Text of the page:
2.5 Statistical analysis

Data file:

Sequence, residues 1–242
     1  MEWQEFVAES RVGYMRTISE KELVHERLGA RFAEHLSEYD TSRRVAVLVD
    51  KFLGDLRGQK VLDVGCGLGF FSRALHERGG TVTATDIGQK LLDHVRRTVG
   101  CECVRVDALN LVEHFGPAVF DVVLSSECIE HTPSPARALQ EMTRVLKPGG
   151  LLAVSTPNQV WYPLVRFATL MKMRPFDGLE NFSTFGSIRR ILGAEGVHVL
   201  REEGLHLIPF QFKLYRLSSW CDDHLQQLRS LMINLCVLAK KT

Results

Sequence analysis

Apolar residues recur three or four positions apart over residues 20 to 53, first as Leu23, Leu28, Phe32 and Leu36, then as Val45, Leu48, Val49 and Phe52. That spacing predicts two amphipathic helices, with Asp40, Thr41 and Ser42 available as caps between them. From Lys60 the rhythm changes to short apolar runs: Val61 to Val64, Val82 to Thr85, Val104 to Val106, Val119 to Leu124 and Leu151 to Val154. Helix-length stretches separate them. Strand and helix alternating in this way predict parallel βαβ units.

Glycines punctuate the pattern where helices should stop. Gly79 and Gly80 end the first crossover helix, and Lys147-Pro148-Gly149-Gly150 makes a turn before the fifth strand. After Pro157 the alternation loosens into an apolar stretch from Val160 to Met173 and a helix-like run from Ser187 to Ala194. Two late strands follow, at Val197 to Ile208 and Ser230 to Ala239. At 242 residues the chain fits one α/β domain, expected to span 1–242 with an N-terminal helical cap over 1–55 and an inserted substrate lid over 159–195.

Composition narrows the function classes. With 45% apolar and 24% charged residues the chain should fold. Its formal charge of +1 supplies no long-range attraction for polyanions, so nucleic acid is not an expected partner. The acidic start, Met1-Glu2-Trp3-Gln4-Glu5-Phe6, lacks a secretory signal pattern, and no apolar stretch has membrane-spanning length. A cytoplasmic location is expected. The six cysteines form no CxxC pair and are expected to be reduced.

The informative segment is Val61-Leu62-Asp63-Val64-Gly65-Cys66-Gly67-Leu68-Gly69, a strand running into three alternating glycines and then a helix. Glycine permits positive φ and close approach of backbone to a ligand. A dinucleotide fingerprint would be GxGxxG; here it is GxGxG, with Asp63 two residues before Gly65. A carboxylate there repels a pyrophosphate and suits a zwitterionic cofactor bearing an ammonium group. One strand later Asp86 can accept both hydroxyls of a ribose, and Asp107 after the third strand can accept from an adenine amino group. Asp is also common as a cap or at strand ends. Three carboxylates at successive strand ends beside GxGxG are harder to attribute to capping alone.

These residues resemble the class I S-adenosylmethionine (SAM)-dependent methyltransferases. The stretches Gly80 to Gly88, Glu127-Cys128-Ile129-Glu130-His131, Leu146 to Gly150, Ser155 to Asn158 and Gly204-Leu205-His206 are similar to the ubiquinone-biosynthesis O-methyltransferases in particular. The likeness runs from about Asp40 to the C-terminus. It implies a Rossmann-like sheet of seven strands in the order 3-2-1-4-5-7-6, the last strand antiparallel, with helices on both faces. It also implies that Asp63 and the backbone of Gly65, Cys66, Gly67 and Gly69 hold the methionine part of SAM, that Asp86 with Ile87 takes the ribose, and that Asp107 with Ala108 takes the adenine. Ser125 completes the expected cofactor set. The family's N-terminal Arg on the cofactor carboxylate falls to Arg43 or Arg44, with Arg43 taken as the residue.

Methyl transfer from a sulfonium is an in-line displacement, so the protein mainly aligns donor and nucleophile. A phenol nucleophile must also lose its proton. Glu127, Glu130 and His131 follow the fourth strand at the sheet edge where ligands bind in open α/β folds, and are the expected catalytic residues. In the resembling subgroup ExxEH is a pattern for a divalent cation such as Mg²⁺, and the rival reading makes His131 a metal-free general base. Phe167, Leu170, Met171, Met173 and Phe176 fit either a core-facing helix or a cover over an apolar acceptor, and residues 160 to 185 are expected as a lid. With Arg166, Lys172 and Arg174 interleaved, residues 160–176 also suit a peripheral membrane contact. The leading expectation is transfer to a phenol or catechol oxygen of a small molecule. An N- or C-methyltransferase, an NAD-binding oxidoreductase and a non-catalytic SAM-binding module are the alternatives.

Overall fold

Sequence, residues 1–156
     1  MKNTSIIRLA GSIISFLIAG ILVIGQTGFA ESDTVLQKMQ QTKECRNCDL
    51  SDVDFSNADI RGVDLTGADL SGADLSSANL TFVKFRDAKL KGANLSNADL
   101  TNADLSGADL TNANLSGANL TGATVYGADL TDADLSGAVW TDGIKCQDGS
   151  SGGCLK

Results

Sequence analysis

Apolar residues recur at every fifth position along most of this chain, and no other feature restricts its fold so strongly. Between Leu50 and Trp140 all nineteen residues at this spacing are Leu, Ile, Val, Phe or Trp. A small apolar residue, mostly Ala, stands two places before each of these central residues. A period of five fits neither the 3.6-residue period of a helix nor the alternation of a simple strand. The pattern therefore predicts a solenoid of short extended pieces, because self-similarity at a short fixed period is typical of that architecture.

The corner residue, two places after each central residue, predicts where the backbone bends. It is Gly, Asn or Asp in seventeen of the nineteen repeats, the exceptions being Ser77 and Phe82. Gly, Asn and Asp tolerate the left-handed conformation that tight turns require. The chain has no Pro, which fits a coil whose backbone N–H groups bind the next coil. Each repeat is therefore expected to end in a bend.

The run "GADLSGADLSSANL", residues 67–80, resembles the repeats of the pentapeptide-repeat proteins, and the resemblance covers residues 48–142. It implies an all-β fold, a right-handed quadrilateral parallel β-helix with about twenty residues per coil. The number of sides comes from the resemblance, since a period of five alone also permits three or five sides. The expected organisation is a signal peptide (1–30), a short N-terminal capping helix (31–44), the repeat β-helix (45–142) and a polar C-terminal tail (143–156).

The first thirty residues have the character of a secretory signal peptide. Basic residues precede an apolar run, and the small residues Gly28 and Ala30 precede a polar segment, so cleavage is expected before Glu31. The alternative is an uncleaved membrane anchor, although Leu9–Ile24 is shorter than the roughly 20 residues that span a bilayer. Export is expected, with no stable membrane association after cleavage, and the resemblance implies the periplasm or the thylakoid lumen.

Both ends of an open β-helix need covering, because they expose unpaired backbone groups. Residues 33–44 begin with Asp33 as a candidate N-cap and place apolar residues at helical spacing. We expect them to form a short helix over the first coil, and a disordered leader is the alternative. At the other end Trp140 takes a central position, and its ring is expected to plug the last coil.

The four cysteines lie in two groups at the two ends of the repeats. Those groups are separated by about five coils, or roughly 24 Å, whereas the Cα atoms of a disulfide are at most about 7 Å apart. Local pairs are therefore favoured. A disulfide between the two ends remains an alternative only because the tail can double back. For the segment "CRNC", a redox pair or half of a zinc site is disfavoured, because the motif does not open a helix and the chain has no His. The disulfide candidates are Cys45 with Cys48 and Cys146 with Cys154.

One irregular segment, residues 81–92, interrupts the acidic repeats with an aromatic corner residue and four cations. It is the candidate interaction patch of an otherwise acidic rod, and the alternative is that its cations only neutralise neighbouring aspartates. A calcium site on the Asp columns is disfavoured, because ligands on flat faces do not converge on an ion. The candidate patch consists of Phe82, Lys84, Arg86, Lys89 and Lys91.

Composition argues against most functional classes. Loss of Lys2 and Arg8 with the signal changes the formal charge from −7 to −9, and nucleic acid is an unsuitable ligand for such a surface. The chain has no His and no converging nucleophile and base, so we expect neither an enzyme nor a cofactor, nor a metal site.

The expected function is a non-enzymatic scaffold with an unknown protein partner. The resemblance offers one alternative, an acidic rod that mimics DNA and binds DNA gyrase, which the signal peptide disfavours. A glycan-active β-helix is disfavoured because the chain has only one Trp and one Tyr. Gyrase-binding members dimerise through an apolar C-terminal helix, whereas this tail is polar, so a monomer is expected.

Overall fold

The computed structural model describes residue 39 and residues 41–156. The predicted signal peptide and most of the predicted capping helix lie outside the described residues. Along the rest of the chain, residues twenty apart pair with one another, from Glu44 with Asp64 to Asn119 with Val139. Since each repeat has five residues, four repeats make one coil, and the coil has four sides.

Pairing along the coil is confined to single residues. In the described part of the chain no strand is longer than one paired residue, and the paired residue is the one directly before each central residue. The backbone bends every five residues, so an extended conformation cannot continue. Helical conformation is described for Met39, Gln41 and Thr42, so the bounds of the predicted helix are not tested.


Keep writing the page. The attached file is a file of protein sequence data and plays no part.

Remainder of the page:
In no-choice tests with host egg masses exposure for 24h and 2h, the percentages of hatched Hemiptera eggs, successfully parasitized eggs (emergence of the parasitoid) and dead eggs were analyzed by Kruskall-Wallis and Dunn’s multiple comparison post-hoc test using H. halys as control species. Data were analyzed only for the species showing at least five replicates (although the entire dataset was reported). Pairwise comparison among species in single host egg exposure for 2h was performed using Chi-square test with Yates’ correction. Pooled data on parasitoid female dimensions (head width, thorax width, hind tibia length) were analyzed with Pearson correlation coefficient. The functional relationship between the egg size of host species, emerged parasitoid female size and ovaries egg load were analyzed through linear regression model. In choice-test the percentages of hatched Hemiptera eggs, successfully parasitized eggs (emergence of the parasitoids) and dead eggs were compared using the Mann-Whitney U-test. Ovarian egg load between target and non-target species were compared with Kruskall-Wallis and Dunn’s multiple comparison post-hoc test. Statistics were performed using Graphpad Prism 8.